Dendrogram of the world
Often, what we understand takes the form of a tree. Nothing illustrates and organizes knowledge quite as well as an expansive crown, trunk and roots. Well, maybe a circle or a triangle. However, the tree diagram (dendrogram) offers the best presentation of collected data, and the joyful epiphany of understanding at the same time. It is a universal matrix with which you can put in order your stream of consciousness.
What we remember, the things that have happened to us, also contribute to its form. Links between events, blood ties, the pursuit of cause and effect. Are we surprised that the felling of a tree which always rustled outside someone’s house evokes opposition from those in whose memory the tree is etched? Does the annihilation of a living, personal dendrogram not disturb the innermost images of memory that are necessary to build identity? It can’t happen without pain.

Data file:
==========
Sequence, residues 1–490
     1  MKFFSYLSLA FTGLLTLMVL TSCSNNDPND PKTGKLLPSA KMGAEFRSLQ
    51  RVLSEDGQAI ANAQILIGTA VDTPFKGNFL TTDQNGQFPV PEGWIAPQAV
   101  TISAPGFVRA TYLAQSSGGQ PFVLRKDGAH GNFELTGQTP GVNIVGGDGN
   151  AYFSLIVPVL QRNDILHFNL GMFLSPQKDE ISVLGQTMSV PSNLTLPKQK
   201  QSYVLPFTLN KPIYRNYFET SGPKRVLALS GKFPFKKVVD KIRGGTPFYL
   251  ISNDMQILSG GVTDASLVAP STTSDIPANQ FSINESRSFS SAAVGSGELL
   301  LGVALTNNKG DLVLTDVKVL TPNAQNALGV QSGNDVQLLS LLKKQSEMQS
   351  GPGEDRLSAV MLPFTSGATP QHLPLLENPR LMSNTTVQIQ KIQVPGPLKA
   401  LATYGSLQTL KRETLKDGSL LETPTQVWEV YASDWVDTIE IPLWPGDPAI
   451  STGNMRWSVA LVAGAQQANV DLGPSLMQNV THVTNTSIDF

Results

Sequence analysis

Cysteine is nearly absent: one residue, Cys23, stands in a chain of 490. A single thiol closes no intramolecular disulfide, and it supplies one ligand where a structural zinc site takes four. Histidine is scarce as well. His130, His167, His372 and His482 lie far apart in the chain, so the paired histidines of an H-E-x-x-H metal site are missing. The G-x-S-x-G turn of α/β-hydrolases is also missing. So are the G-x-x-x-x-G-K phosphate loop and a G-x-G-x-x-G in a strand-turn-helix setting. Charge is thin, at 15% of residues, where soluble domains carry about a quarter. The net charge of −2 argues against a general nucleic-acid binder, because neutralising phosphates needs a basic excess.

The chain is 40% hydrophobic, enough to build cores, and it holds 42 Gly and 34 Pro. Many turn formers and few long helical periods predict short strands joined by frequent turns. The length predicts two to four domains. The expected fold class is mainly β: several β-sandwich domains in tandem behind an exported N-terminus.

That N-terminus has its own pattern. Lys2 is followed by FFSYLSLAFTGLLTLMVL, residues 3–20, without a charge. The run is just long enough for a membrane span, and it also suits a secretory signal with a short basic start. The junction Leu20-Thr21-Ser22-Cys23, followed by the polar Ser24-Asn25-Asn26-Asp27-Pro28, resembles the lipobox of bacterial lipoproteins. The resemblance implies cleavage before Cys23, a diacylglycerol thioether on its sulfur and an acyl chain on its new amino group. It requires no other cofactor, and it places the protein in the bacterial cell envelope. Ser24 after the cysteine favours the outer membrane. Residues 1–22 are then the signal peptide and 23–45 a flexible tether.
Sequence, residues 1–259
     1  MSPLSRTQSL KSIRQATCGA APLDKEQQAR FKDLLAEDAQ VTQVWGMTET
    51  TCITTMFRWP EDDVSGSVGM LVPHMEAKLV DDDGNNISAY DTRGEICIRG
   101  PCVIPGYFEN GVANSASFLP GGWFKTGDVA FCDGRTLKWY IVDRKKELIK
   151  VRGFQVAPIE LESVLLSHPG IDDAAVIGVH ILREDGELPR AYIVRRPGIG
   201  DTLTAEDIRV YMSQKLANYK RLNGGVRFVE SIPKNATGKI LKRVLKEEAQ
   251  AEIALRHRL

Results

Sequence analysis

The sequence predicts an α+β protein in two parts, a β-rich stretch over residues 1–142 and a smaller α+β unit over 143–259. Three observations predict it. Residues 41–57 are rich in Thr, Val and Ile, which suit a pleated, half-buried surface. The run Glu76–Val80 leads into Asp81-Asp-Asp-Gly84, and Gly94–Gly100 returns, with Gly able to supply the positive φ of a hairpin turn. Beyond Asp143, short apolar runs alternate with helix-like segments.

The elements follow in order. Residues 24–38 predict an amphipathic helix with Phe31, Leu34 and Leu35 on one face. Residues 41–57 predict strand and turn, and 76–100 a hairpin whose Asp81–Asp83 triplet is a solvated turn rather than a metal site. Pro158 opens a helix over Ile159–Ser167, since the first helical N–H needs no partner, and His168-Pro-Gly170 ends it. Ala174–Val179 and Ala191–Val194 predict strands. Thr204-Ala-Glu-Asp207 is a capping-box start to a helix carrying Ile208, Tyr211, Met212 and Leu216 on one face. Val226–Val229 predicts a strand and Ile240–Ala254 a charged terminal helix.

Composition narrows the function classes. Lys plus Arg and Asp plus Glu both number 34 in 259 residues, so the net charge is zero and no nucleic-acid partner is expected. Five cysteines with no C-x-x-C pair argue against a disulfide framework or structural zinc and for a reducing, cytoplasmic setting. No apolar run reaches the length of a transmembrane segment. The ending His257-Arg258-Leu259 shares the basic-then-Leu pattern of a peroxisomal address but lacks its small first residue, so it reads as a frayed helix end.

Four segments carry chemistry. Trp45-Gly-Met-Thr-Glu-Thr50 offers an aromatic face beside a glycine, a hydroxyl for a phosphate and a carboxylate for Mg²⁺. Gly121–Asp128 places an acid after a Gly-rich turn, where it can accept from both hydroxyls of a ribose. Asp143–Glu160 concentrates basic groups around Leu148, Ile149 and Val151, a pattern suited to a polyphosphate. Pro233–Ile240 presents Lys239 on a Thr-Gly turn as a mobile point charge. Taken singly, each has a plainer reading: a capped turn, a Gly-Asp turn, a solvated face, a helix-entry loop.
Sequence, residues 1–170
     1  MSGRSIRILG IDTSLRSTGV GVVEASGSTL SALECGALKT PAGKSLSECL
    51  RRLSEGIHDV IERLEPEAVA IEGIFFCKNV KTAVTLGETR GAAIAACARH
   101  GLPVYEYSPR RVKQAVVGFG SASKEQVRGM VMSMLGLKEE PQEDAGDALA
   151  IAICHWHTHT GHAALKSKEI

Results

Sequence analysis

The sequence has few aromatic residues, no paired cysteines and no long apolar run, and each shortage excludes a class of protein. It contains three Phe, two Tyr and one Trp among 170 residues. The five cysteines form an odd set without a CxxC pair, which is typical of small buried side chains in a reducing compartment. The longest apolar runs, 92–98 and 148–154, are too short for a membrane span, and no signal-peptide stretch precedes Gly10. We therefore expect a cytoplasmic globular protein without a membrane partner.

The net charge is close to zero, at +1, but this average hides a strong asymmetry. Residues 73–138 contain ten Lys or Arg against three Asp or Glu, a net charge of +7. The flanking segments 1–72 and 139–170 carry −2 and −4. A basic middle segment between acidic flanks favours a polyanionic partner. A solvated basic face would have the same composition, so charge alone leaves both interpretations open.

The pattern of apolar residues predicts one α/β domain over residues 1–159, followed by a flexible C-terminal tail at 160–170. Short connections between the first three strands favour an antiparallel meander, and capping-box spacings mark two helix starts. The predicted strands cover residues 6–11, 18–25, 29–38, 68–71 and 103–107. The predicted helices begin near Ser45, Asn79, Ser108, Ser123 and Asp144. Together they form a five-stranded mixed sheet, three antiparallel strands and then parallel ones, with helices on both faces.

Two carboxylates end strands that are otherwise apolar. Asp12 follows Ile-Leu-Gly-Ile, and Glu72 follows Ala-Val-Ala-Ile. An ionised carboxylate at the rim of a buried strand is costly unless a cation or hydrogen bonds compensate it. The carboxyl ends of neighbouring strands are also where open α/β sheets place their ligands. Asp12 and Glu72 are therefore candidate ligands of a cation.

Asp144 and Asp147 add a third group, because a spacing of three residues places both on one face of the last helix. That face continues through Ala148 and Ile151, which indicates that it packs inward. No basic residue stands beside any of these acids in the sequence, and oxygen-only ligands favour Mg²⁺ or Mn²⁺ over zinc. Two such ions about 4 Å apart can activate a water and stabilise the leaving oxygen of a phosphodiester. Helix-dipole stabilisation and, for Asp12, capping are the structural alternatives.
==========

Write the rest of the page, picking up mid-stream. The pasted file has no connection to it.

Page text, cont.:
A dendrogram is “a tree-shaped diagram showing the relationships between selected items based on an established criterion.” We find it in evolution where we have a phylogenetic tree, and in research into family history, which we present in the form of a family tree. Binary and ternary trees are used in computer science. In chemistry, we may come across Diana’s Tree (also called the Philosopher’s Tree), and in mathematics we have the probability tree (stochastic tree). In fact, all basic operations, such as addition and multiplication, can be shown in tree form.
The names of the letters of the Ogham alphabet, developed in the early Middle Ages for the use of Celtic languages, are the names of trees. The Celtic letters comprise horizontal and diagonal dashes placed on a vertical axis, like branches on a tree trunk. For example, the letter B is beith, ‘birch’. The letter F is fern, ‘alder’. D is draid, ‘oak’. Thanks to the tree-letters, the landscape is transformed into an alphabet, maybe even a text.